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SPOUSES DOMINGO v.

ROCES
G.R. No.147468
April 9, 2003
DOCTRINE
The annotation at the title of a property pursuant to Rule 74, Sec. 4 is not confined to the heirs or original
distributes of the estate properties.

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Facts:
Cesar and Lilia Roces were owners of two contiguous parcels of land. In 1962, the GSIS caused the
annotation of an adverse claim on their titles, alleging that the spouses had mortgaged the same to it.
Later on, when the titles were to be surrendered to GSIS, the spouses failed to do so, and the GSIS had
such title duplicates in their possession declared null and void.
Cesar Roces died intestate. He was survived by his widow and their children.
In 1992, a certain Reynaldo Montinola, a nephew of Lilia Roces, executed an affidavit of self-adjudication
over the subject properties. A year later, he filed a petition against GSIS for the cancellation of the title
which was in the possession of GSIS. GSIS lost the case, and its titles were cancelled, and ownership
awarded to Montinola.
Later in the same year, Montinola sold the property in favor of the Petitioners, the Domingo Spouses.
Such sale was subject to the provision of Section 4 of Rule 74:
Subject to the provision of Sec. 4, Rule 74 of the RoC with respect to the inheritance left by the
deceased Sps. Cesar Roces and Lilia Montinola

5. Now came the Defendants Roces siblings. They alleged that the affidavit of selfadjudication Montinola
executed was null and void for Lilia Roces was not even dead. Because of this, the sale of the property
was done without authority, and therefore null and void as well.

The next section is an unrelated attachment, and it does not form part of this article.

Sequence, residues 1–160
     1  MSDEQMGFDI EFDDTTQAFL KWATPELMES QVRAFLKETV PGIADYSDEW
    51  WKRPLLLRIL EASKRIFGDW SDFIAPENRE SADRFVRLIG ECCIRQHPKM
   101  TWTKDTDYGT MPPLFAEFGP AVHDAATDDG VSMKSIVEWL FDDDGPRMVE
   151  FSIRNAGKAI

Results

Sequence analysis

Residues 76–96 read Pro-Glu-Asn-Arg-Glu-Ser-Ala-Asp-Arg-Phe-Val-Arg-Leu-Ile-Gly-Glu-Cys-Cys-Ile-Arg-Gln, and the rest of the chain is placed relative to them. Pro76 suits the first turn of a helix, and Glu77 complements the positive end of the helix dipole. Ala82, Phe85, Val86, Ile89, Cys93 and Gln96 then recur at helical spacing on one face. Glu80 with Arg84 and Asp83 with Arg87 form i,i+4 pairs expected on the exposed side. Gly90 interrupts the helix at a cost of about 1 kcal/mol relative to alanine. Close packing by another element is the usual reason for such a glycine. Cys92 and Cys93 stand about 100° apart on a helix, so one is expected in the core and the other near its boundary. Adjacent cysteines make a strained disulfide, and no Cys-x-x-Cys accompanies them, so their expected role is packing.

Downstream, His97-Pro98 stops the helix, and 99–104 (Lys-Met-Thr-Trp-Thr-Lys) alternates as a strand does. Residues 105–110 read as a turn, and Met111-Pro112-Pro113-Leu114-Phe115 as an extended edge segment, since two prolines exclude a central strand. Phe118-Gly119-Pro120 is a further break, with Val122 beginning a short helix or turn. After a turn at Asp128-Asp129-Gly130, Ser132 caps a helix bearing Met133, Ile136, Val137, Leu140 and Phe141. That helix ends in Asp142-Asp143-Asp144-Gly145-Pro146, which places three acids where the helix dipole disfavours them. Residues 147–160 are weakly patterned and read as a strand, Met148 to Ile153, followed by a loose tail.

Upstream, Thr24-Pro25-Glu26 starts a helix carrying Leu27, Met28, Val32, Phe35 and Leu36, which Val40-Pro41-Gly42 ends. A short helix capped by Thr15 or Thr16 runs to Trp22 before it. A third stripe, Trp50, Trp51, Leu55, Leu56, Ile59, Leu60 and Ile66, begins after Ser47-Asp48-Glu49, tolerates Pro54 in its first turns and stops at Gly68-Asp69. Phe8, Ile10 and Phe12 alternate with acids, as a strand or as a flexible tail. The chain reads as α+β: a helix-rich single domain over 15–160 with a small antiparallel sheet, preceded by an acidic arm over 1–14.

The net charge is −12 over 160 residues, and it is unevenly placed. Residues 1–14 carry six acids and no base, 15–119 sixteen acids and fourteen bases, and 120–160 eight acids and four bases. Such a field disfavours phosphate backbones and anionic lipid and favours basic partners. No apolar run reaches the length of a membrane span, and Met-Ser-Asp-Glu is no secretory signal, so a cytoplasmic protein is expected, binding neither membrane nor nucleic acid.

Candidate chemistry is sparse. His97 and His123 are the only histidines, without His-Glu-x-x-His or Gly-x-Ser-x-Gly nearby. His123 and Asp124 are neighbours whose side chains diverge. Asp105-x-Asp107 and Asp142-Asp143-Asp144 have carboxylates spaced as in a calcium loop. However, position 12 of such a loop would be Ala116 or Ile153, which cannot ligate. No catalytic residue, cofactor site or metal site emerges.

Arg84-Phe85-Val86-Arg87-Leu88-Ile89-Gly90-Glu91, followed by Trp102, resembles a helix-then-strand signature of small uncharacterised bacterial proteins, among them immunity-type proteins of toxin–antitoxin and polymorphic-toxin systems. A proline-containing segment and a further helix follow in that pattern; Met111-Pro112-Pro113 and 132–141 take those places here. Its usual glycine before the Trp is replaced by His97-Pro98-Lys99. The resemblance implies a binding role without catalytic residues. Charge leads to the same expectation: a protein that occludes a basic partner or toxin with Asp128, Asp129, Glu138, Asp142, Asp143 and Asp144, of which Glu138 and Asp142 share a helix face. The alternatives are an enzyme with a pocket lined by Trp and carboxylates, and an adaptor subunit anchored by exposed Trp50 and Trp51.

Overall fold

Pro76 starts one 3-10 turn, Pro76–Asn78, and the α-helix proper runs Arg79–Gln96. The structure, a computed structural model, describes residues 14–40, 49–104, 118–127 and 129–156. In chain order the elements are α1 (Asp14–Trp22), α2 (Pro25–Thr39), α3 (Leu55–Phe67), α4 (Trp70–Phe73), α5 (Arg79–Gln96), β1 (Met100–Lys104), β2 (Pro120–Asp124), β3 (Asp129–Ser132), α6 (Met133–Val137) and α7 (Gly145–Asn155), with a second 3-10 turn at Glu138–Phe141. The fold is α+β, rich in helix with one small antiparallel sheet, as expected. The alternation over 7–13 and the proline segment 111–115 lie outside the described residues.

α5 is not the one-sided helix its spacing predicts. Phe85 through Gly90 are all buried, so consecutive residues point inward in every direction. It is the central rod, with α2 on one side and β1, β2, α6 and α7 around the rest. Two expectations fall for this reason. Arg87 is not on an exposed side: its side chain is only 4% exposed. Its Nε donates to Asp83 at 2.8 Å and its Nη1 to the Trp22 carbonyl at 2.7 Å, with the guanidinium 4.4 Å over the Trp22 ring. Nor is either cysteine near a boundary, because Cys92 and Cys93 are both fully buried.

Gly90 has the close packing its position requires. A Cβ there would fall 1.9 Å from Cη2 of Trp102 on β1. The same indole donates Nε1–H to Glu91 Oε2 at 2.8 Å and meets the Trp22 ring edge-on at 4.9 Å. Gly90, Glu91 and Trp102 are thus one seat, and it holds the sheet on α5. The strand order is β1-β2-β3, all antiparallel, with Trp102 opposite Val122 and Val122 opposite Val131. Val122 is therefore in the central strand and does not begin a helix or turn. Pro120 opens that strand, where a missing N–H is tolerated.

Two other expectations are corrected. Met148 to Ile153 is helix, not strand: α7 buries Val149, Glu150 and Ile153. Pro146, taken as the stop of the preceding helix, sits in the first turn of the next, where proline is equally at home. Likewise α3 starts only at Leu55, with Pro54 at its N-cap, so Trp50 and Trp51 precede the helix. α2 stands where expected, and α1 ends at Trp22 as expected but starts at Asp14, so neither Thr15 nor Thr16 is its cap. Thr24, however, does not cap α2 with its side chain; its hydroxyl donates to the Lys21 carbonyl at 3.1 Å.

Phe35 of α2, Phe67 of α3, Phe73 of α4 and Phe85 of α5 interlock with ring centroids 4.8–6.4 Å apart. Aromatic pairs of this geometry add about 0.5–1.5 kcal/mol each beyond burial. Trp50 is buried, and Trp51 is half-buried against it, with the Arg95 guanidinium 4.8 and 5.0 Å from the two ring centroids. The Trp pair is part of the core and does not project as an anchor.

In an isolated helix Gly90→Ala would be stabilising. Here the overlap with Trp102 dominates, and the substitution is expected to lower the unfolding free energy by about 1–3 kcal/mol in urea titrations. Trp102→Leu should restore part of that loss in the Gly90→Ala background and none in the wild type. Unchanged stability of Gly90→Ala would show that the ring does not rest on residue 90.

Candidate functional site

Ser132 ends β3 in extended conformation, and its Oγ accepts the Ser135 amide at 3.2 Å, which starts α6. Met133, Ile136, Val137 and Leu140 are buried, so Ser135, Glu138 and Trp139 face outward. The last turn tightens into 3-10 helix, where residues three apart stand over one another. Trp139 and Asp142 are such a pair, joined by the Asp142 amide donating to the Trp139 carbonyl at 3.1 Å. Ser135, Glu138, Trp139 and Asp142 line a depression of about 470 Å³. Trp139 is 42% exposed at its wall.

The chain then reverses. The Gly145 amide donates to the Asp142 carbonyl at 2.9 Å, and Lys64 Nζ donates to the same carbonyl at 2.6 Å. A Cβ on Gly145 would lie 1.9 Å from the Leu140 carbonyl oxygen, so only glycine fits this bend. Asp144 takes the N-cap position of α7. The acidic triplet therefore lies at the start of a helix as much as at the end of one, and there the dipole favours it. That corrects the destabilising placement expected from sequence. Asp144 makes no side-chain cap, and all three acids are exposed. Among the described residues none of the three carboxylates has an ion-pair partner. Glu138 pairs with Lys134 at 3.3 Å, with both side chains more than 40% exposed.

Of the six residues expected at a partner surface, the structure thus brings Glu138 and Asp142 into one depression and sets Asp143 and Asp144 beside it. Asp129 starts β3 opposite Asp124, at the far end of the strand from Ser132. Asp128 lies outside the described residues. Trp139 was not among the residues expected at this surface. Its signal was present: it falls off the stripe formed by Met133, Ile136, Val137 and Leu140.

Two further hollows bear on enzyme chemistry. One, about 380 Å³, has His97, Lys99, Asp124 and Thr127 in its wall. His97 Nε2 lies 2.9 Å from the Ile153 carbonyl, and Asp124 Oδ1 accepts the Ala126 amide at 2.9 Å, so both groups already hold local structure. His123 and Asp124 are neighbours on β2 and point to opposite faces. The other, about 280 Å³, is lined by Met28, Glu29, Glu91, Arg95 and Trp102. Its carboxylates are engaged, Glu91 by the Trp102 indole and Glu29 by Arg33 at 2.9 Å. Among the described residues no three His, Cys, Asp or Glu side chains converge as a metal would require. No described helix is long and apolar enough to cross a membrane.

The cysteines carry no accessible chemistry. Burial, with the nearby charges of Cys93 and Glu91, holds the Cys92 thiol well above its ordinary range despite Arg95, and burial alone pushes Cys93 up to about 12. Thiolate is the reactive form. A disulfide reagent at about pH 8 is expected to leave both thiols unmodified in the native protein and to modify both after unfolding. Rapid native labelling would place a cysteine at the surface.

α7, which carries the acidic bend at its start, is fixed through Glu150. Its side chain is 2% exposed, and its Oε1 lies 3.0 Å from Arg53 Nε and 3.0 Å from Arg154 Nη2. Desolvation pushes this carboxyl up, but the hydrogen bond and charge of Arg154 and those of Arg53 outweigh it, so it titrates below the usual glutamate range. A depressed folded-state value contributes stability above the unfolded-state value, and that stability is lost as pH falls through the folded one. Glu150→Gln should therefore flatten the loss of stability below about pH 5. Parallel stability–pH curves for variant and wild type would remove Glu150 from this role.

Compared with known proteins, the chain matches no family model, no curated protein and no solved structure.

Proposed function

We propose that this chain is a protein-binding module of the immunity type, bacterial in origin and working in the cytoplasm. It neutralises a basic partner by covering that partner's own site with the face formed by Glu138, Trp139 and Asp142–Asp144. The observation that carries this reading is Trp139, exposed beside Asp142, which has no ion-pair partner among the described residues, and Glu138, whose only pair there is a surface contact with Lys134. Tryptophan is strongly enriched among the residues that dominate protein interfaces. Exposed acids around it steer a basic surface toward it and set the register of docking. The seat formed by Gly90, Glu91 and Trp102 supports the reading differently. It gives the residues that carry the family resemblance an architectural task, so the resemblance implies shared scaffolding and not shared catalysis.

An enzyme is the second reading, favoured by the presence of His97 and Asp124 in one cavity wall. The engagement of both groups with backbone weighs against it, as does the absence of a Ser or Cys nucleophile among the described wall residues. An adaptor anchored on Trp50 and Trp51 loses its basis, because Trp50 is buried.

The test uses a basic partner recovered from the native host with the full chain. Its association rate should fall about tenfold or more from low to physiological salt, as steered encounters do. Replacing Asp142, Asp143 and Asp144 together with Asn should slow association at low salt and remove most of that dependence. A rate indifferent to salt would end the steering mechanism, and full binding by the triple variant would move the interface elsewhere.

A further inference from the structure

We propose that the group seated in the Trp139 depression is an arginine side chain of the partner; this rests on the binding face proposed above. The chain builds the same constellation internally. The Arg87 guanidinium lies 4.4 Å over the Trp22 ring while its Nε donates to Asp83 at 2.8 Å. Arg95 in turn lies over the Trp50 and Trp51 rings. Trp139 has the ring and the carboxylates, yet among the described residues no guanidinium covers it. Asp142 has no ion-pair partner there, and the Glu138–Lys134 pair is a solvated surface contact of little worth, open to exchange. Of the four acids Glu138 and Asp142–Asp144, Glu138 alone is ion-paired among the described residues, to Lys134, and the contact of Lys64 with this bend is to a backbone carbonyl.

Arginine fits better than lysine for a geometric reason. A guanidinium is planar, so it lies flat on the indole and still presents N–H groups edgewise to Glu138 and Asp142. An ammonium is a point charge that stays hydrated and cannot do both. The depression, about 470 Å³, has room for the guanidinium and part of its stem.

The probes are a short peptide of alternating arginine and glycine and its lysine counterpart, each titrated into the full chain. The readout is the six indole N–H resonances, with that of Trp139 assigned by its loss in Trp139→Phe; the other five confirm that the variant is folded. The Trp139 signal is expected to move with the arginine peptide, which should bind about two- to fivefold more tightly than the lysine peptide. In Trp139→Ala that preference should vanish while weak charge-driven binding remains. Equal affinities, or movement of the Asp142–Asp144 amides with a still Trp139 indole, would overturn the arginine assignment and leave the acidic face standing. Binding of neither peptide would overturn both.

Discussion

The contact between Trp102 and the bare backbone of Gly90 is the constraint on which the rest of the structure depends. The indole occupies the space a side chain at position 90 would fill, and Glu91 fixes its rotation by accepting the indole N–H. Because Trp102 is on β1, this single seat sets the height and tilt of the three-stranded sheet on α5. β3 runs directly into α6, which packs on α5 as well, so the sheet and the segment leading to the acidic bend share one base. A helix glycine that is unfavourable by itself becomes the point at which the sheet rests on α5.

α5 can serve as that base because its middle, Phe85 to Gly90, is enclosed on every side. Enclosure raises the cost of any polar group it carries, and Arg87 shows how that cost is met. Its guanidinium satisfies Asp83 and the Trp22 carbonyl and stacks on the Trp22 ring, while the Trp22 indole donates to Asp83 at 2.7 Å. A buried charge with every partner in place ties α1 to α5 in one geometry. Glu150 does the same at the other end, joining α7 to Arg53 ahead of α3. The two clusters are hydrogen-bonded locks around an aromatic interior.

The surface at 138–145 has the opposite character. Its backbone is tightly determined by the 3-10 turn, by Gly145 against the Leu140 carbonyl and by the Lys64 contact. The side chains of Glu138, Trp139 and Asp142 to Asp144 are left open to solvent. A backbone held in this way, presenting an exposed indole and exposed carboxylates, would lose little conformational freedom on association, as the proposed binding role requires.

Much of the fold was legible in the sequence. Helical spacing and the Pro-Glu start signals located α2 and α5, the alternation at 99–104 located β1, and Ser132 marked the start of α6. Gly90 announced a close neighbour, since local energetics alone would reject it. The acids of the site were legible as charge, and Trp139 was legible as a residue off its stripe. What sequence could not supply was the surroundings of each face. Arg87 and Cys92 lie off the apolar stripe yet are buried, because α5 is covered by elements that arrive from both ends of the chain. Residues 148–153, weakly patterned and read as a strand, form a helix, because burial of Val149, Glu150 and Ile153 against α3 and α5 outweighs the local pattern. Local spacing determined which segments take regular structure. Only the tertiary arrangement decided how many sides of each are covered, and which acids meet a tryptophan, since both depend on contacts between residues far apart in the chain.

6. But the Domingo Spouses, the buyers, contended that despite the annotation of the provision of Rule 74,
they were buyers in good faith, and by that very fact, in addition to the siblings being in estoppel and
guilty of laches, the sale was valid.
Issue:
Could the sale have been valid, in light of a fact that the Spouses Domingo were not covered by the Rule
74 annotation? (AKA: Were the spouses buyers in good faith? )

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Were the respondents guilty of laches and estoppel?


Held:
Rule 74 clearly covers transfers of real property to any person.
Contrary to petitioner's contention, the effects of this provision are not confined to the heirs or original
distributes of the estate properties;
As the provision provides, such effects affect any transferee of the property. There is no doubt the
Spouses Domingo were covered by any transferee
Therefore, buyers of real property the title of which contains an annotation pursuant to Section 4, Rule 74
cannot be considered innocent purchasers for value;
The presence of an irregularity in the title which excites or arouses suspicion should prompt the buyer to
look beyond the certificate and investigate the title of the vendor;
This the spouses did not do, and hence cannot at all be considered buyers in good faith.
As to the claim that the respondents were guilty of laches and estoppel, it is untenable.

8. Estoppel by laches arises from the negligence or omission to assert a right within a reasonable time,
warranting a presumption that the party entitled to assert it either has abandoned it or declined to assert
it.
9. In the case at bar, only four months elapsed from the time respondents discovered Montinolas fraudulent
acts, sometime in May 1993, to the time they filed their complaint on September 6, 1993. This relatively
short span of time can hardly be called unreasonable, especially considering that respondents used this
period of time to investigate the transfers of the property